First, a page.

Be a Texas voter in the Constitutional Amendment Election November 5, 2019
|Last Day to Register to Vote||Monday, Oct. 7, 2019|
|Vote Early||Monday, Oct. 21 - Friday, Nov. 1, 2019|
|Last Day to Apply for Ballot by Mail
(Received, not Postmarked)
|Friday, October 25, 2019|
|Last day to Receive Ballot by Mail||Tuesday, November 5, 2019 (election day)|
The Constitutional Amendment Election Voters Guide provided by the League of Women Voters explains each amendment and provides pros & cons and a short video for each proposed amendment. You decide which will become part of the Texas Constitution. Find the Voters Guide on VOTE411.org , the PDF in English & Spanish , & printed Voters Guide at many local libraries.
The League appreciates the sponsors (listed above) of the Nov. 5, 2019 Constitutional Amendment Voters Guide. Our nonpartisan Voters Guide was researched, written, and edited by League volunteers who contacted bill authors, sponsors, supporters and opponents for each proposed constitutional amendment. The online Voters Guide is available at VOTE411.org which allows voters to create their own personal ballot and provides a version in English, Spanish, Vietnamese and Chinese.
Proposed Constitutional Amendments
- Municipal Judges
- Assistance for Water Projects in Distressed Areas
- Tax Relief for Disaster Areas
- Personal Income Tax
- Sporting Goods Tax to Support State Parks
- Cancer Prevention & Research
- Funding Public Education
- Flood Control
- Tax Exemption of Precious Metals
- Law Enforcement Animals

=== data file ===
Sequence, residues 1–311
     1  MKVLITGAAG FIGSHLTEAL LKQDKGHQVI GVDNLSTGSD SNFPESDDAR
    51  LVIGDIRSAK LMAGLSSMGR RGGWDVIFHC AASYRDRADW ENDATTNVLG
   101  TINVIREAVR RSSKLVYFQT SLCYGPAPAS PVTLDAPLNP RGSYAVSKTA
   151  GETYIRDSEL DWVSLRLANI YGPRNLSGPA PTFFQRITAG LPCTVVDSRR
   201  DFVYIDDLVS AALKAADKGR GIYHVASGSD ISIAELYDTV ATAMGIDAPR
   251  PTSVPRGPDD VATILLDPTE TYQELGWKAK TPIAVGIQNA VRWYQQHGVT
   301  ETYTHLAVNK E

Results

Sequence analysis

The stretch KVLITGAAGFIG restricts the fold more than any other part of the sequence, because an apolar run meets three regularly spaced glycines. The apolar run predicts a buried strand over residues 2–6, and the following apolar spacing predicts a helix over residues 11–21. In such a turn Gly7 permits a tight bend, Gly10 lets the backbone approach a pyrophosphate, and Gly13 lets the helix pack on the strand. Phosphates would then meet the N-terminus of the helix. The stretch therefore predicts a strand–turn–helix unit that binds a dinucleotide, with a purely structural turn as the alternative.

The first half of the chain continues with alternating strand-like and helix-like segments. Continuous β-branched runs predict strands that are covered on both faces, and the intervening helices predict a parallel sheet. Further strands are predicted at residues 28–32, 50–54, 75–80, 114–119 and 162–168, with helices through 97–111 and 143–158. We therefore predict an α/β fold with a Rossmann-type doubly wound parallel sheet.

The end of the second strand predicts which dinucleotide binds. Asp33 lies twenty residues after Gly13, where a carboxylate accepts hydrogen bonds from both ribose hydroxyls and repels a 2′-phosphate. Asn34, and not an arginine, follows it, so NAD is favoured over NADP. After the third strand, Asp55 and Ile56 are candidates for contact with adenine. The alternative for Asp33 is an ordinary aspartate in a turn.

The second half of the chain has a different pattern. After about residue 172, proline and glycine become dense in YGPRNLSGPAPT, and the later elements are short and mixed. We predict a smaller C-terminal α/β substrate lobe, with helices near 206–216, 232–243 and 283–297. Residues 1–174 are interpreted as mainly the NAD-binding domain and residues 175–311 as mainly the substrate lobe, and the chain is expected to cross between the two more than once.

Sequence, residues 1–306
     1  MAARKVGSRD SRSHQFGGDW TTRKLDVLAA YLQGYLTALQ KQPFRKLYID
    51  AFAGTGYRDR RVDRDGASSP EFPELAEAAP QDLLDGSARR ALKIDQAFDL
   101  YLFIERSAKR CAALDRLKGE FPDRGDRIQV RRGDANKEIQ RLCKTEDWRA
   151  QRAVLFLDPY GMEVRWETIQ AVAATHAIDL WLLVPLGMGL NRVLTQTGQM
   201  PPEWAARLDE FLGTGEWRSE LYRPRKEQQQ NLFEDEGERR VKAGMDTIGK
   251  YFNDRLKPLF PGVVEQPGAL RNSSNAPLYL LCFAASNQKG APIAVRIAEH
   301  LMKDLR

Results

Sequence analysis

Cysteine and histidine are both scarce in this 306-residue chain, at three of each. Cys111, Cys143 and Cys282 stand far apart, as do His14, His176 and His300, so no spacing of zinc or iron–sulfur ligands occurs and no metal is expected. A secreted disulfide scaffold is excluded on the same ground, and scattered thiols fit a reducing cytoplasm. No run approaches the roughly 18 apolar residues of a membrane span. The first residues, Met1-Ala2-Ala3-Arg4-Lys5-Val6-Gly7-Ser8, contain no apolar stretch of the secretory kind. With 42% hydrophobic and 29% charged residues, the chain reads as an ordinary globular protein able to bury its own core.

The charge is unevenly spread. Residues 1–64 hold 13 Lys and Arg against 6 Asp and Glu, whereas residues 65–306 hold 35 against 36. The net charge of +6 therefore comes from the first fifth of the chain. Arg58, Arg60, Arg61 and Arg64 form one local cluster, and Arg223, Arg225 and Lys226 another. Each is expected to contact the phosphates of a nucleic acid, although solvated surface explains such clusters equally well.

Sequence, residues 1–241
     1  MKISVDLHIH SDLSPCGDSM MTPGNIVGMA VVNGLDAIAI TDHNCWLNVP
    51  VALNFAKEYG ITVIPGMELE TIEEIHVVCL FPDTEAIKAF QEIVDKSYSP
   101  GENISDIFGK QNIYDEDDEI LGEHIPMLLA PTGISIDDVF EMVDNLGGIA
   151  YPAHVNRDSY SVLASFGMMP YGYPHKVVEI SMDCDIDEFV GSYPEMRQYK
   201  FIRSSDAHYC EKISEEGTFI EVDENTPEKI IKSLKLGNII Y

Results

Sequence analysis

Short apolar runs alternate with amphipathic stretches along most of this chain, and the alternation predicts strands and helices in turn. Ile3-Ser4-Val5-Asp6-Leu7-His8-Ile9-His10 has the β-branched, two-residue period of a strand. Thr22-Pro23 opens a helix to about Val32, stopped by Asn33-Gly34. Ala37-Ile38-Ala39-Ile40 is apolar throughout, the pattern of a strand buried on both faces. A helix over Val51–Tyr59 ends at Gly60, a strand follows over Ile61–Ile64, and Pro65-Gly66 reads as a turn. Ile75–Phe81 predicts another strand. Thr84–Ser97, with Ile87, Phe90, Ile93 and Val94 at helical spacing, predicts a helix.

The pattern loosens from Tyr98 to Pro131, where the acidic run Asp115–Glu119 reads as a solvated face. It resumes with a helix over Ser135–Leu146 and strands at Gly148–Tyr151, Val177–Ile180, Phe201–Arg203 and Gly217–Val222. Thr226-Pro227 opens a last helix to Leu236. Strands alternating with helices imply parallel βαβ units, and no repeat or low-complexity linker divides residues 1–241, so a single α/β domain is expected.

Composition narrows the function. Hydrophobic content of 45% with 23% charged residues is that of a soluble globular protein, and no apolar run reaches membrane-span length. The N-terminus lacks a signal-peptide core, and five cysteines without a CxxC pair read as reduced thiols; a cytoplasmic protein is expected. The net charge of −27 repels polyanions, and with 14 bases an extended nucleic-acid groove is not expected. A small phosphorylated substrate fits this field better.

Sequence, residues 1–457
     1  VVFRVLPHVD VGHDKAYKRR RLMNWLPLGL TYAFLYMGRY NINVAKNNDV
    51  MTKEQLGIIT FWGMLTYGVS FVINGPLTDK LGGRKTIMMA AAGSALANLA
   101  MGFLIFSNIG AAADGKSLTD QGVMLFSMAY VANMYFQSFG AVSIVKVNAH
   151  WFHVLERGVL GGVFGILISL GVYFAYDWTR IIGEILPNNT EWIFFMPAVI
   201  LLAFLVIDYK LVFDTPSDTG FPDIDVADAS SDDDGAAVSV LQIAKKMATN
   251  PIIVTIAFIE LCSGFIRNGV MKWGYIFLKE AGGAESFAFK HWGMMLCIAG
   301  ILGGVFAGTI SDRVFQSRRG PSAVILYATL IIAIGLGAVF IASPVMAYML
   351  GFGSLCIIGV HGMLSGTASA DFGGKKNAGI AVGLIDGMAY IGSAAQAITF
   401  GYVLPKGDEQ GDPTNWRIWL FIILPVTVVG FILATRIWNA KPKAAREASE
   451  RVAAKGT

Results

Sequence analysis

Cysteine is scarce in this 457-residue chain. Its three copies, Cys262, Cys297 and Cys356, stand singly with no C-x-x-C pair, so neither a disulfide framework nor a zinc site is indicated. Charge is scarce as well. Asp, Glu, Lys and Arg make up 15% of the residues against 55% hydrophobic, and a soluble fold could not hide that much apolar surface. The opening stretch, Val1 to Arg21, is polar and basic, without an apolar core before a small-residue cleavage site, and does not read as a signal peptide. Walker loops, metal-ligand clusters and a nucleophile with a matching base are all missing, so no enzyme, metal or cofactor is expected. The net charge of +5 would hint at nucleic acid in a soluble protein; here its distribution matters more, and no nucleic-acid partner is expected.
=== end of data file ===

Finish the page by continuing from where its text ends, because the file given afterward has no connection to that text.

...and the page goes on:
The Texas Constitution
The current Texas Constitution was written in 1876 and has been amended nearly five-hundred times. Compare that to the United States Constitution, which has only twenty-seven amendments.
Why does the Texas Constitution have so many amendments? Rules for how state and local governments should run are very specific in the Texas Constitution, unlike in the US Constitution. Therefore our state lawmakers often have little freedom to make changes to laws without amending the state constitution. The proposed changes must pass both houses of the Legislature by a ⅔ vote, and then the voters must approve all changes.
All potential amendments that appear on your ballot must originate in the Legislature. The Texas Constitution cannot be amended by citizen-led ballot initiatives, referendums, or petitions, as in some other states.
We vote on a slate of amendments in the fall of odd-numbered years, following the spring Legislative session. Topics vary, and can cover a wide range of topics, and some may affect only a few counties.
Voting on amendments fulfills your right and duty as a Texas citizen. This approval or disapproval of changes to our Constitution gives you a direct voice in our state government.